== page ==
Let \(Z=Z^{(q)}:=\left(Z_{1}, Z_{2}, \ldots, Z_{d}\right)\) be a random matrix in \(\mathbb{R}^{m \times k}\) with independent, standard Gaussian column vectors \(Z_{j} \in \mathbb{R}^{m} .\) Then \[ \Theta:=Z\left(Z^{\top} Z\right)^{-1 / 2}=Z/\|Z\|_2^2 \] has the desired distribution, and \[ \Theta=m^{-1 / 2} Z\left(I+O_{p}\left(m^{-1 / 2}\right)\right) \quad \text { as } m \rightarrow \infty. \]

Vershynin’s writing on a variety of hard high-dimensional probability results is pretty accessible: Vershynin (2015);Vershynin (2018). These bleed over into concentration results.

I wrote one of my own… TBD.

## Concentration theorems for projections

Many, e.g. Dasgupta, Hsu, and Verma (2006);Dümbgen and Del Conte-Zerial (2013);Gantert, Kim, and Ramanan (2017);Kim, Liao, and Ramanan (2020).

## References

*Journal of Computer and System Sciences*, Special Issue on PODS 2001, 66 (4): 671–87.

*Transactions of the American Mathematical Society*355 (12): 4723–35.

*Proceedings of the American Mathematical Society*105 (2): 397.

*Nonparametric Inference on Manifolds: With Applications to Shape Spaces*. Institute of Mathematical Statistics Monographs. Cambridge: Cambridge University Press.

*Proceedings of the Seventh ACM SIGKDD International Conference on Knowledge Discovery and Data Mining*, 245–50. KDD ’01. New York, NY, USA: ACM.

*The Annals of Probability*31 (1): 195–215.

*Geometric Aspects of Functional Analysis: Israel Seminar 2001-2002*, edited by Vitali D. Milman and Gideon Schechtman, 44–52. Lecture Notes in Mathematics. Berlin, Heidelberg: Springer.

*IEEE Transactions on Information Theory*52 (12): 5406–25.

*arXiv:math/0701464*, January.

*Statistics on Special Manifolds*. New York, NY: Springer New York.

*Proceedings of the Sixteenth Conference on Uncertainty in Artificial Intelligence*, 143–51. UAI’00. San Francisco, CA, USA: Morgan Kaufmann Publishers Inc.

*Random Structures & Algorithms*22 (1): 60–65.

*Proceedings of the Twenty-Second Conference on Uncertainty in Artificial Intelligence*, 114–21. UAI’06. Arlington, Virginia, USA: AUAI Press.

*The Annals of Statistics*12 (3): 793–815.

*From Probability to Statistics and Back: High-Dimensional Models and Processes – A Festschrift in Honor of Jon A. Wellner*, January, 91–104.

*Journal of Functional Analysis*254 (8): 2275–93.

*arXiv:1001.0875 [Math]*, January.

*Advances in Neural Information Processing Systems*, 473–80.

*The Annals of Probability*45 (6B): 4419–76.

*ESAIM: Proceedings*44 (January): 47–60.

*The Annals of Statistics*21 (2): 867–89.

*Theory of Computing*8 (1): 321–50.

*Concentration, Functional Inequalities and Isoperimetry: International Workshop on Concentration, Functional Inequalities, and Isoperimetry, October 29-November 1, 2009, Florida Atlantic University, Boca Raton, Florida*. American Mathematical Soc.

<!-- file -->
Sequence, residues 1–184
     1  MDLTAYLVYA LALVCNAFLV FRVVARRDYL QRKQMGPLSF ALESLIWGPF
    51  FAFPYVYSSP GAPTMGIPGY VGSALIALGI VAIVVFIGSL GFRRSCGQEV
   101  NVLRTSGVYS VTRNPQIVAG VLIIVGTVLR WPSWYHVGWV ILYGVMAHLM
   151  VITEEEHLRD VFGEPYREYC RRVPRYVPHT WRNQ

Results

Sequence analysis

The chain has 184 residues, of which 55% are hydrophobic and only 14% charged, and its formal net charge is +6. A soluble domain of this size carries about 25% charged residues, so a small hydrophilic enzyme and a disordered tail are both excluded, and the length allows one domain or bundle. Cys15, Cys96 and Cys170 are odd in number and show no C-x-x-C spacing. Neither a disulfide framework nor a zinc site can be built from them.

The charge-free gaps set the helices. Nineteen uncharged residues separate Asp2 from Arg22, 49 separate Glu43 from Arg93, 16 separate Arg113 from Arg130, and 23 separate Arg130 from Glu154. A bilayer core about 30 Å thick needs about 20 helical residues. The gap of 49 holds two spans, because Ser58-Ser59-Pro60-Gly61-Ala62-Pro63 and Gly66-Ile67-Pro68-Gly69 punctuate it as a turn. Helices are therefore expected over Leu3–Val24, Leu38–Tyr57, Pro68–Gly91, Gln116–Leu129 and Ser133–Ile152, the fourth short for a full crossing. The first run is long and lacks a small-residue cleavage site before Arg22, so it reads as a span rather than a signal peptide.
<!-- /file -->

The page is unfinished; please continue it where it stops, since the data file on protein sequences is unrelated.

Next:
*Proceedings of the Thirtieth Annual ACM Symposium on Theory of Computing*, 604–13. STOC ’98. New York, NY, USA: ACM.

*Geometric Aspects of Functional Analysis: Israel Seminar (GAFA) 2017-2019 Volume II*, edited by Bo’az Klartag and Emanuel Milman, 1–41. Lecture Notes in Mathematics. Cham: Springer International Publishing.

*Journal of Information and Optimization Sciences*17 (1): 177–84.

*Artificial Intelligence and Statistics*, 583–91. PMLR.

*arXiv:1912.13447 [Math]*, June.

*Inventiones Mathematicae*168 (1): 91–131.

*Journal of Functional Analysis*245 (1): 284–310.

*arXiv:1607.04331 [Cs, q-Bio, Stat]*, July.

*Proceedings of the 12th ACM SIGKDD International Conference on Knowledge Discovery and Data Mining*, 287–96. KDD ’06. New York, NY, USA: ACM.

*High Dimensional Probability V: The Luminy Volume*, 153–78. Beachwood, Ohio, USA: Institute of Mathematical Statistics.

*Geometric Aspects of Functional Analysis: Israel Seminar 2006–2010*, edited by Bo’az Klartag, Shahar Mendelson, and Vitali D. Milman, 317–26. Lecture Notes in Mathematics. Berlin, Heidelberg: Springer.

*Journal of Theoretical Probability*25 (2): 333–52.

*Probability Theory and Related Fields*156 (1-2): 145–64.

*arXiv:math/0606073*, June.

*Self-Normalized Processes: Limit Theory and Statistical Applications*. Springer Science & Business Media.

*2017 IEEE International Symposium on Information Theory (ISIT)*, 3045–49.

*Electronic Communications in Probability*18 (none): 1–9.

*Transactions on Machine Learning Research*, January.

*Geometric Aspects of Functional Analysis*, edited by Vitali D. Milman and Gideon Schechtman, 1910:271–95. Berlin, Heidelberg: Springer Berlin Heidelberg.

*Journal of Applied Probability*19 (1): 221–28.

*Proceedings of the Sixth Berkeley Symposium on Mathematical Statistics and Probability, Volume 2: Probability Theory*, January, 583–602.

*arXiv:1011.3027 [Cs, Math]*, November.

*Sampling Theory, a Renaissance: Compressive Sensing and Other Developments*, edited by Götz E. Pfander, 3–66. Applied and Numerical Harmonic Analysis. Cham: Springer International Publishing.

*High-Dimensional Probability: An Introduction with Applications in Data Science*. 1st ed. Cambridge University Press.

*Probability Theory and Related Fields*107 (3): 313–24.

*High-dimensional data analysis with low-dimensional models: Principles, computation, and applications*. S.l.: Cambridge University Press.

## No comments yet. Why not leave one?